We are surrounded by water. Everywhere. It is natural of course, regardless of whether we can see it or not. It can come in frozen, liquid or gaseous form. The Virtual Reality Glacier Experience establishes connections between climate change, glacier evolution and the hydrological balance. The VR Glacier Experience is part of the #gkb2020 anniversary project, celebrating 150 years of Graubündner Kantonalbank.
A virtual experience
The Virtual Reality Glacier Experience allows visitors to experience how climate change is impacting the Morteratsch Glacier and its hydrological balance. Experts from the Zurich University of the Arts and from the University of Fribourg worked together to develop the experience.
Four guided virtual tours around the Morteratsch Glacier
Two local tour guides, Andri and Ladina, welcome visitors to virtual reality and take them on a tour to selected locations around the Morteratsch Glacier. After a short introduction, visitors can choose from four excursions focusing on different topics (in the VR menu):
The first tour provides visitors with information on a number of previously unknown perspectives and details the water resources in and around the glacier, as well as those in the clouds, the soil and the cliffs. The second excursion allows visitors to experience the hydrological balance – from water retention to the seasonal water run-off – in the past, the present and the future (1875–2100). The third tour sees visitors tracking a ptarmigan and broaches the issue of the change in fauna. Last but not least, the fourth tour provides visitors with further information on the MortAlive Project, which aims to slow down deglaciation by means of the production of artificial snow.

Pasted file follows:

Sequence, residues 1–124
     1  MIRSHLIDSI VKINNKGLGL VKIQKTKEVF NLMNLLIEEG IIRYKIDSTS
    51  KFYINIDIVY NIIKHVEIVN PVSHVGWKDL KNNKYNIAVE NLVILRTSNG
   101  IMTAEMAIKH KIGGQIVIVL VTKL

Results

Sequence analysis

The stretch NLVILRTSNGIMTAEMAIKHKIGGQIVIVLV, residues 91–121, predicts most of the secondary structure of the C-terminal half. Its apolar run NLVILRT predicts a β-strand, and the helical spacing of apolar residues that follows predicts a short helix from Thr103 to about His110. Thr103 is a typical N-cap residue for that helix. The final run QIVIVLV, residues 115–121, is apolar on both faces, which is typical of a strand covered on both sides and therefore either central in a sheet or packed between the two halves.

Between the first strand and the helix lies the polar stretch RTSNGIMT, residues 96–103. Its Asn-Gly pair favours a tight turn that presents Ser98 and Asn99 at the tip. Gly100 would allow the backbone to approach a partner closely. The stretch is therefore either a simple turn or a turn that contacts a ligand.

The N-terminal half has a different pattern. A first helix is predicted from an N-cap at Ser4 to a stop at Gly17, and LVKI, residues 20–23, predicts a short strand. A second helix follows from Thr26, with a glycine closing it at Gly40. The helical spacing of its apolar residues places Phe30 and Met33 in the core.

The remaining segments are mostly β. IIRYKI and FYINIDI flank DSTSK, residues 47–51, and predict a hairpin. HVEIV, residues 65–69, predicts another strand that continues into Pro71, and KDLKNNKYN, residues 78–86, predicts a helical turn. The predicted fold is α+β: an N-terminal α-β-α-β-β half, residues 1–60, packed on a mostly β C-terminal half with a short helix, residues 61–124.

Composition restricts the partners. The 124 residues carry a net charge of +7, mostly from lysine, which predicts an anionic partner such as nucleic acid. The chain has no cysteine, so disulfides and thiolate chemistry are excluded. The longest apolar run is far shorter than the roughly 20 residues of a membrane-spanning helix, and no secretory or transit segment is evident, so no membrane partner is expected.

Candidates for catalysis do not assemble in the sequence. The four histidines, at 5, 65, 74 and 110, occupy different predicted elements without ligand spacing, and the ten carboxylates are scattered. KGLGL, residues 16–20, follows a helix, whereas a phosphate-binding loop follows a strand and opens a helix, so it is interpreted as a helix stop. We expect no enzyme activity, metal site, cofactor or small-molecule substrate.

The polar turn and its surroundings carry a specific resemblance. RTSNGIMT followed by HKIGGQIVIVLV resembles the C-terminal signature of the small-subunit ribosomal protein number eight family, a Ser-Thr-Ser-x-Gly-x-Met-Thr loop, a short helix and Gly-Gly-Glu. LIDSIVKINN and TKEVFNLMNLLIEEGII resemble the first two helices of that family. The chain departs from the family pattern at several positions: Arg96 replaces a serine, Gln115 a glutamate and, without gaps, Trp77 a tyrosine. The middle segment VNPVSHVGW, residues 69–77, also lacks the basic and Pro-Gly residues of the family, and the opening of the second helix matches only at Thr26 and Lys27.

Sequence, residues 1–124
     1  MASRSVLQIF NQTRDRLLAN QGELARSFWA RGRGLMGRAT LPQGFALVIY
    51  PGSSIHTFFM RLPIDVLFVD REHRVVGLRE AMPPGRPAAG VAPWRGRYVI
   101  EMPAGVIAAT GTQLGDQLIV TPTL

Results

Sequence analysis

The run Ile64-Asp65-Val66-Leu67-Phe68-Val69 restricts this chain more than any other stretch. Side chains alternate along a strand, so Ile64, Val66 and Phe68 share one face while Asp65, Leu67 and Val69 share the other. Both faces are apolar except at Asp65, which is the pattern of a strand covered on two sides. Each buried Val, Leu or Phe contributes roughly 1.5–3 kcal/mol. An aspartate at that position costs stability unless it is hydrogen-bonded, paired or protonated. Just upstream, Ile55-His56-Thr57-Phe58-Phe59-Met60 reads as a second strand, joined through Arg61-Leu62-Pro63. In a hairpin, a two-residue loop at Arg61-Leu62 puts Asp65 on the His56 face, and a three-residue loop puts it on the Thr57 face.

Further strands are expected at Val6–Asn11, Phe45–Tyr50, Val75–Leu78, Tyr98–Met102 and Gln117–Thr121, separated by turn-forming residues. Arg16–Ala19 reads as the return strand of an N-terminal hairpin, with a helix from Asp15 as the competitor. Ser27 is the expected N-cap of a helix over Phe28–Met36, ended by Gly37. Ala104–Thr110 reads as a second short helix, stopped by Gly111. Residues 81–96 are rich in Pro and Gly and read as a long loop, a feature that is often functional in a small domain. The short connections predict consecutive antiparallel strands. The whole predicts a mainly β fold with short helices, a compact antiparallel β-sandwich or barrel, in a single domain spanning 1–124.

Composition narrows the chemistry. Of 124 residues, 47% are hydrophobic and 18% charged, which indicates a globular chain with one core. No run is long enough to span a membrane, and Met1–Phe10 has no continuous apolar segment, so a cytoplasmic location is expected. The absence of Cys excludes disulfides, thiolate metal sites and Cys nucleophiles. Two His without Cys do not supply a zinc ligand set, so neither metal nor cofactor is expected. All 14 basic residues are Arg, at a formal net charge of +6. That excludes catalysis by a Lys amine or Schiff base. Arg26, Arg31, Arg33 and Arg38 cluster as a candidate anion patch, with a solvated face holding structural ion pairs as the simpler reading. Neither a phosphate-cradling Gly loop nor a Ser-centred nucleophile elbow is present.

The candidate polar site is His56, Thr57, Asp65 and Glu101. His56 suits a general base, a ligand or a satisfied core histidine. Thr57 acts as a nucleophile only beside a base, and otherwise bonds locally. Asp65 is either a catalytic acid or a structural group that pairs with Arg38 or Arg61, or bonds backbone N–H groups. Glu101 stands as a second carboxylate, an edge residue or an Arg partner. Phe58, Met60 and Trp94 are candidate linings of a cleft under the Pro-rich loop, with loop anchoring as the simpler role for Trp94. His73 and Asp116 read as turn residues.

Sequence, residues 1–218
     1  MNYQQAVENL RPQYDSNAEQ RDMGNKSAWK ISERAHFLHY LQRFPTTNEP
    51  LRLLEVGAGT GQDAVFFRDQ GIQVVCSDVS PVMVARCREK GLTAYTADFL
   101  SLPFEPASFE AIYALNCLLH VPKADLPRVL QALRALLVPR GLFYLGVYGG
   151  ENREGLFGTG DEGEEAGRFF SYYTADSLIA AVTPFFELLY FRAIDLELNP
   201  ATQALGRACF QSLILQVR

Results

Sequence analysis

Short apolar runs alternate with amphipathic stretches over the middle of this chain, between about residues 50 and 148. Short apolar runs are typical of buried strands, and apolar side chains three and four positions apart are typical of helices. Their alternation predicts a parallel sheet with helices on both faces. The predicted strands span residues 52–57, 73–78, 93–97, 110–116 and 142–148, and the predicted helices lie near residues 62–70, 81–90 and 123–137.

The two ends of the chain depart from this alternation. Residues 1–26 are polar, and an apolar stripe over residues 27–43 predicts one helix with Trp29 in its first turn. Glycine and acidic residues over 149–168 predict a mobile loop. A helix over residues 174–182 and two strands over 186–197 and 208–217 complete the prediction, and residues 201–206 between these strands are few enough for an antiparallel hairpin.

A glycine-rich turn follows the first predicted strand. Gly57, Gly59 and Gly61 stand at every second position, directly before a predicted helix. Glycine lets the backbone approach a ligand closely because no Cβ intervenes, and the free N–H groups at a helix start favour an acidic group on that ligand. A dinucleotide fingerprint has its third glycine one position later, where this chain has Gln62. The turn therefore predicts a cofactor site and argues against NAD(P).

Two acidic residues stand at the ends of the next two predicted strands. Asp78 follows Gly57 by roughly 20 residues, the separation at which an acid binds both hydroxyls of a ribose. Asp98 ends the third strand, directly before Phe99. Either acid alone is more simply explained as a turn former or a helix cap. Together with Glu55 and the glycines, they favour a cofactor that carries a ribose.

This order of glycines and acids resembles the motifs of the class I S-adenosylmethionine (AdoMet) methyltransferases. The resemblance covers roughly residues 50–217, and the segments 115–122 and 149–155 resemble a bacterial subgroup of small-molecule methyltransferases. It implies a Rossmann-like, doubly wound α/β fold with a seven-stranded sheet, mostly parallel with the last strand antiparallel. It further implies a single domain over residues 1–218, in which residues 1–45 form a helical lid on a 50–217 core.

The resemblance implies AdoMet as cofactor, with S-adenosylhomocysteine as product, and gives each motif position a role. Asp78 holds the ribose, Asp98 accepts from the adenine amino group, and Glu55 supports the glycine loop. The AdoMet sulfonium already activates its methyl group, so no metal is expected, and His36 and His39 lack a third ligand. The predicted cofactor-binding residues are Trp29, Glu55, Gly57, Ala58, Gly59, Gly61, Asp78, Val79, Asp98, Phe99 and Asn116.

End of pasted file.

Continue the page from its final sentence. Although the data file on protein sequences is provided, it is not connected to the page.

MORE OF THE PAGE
Immerse yourself and enjoy the experience
The excursions are as entertaining as they are educational. Visitors are given virtual reality goggles with which they can immerse themselves in a 3D artificial world and experience the changes that climate change is bringing about in the high alpine region, while also finding out about the enormous challenges needing to be overcome in individual learning moments.
The tour guides, Andri and Ladina, and the scenery appear real and can be seen in three dimensions. The actors were filmed with a 3D camera and appear almost lifelike thanks to the seminal volumetric video technology. The terrain of Val Morteratsch has been recreated true to life in the virtual world using hundreds of photographs and can be explored.
From the real world into the virtual environment and back again
The audience experiences a fluid transition from the real world of the exhibition area to the digital world of virtual reality. For example, design elements from the exhibition, such as an abstract mountain panorama, are recreated in the VR experiences. Visitors are able to roam freely through the virtual experience and can physically experience the marked changes in the vivid scenarios. What’s more, they can also play an active role in the excursions, e.g. by helping the tour guide to find the ptarmigans.
The following members of the Knowledge Visualization research group from the Zurich University of the Arts worked on the VR Glacier Experience project: Niklaus Heeb (Project Management), Jonas Christen, Noemi Chow, Reto Spoerri, Meike Eckstein, Thomas Schärer, Olav Lervik, Doro Müggler, Samuel Streiff and Lea Schellenberg.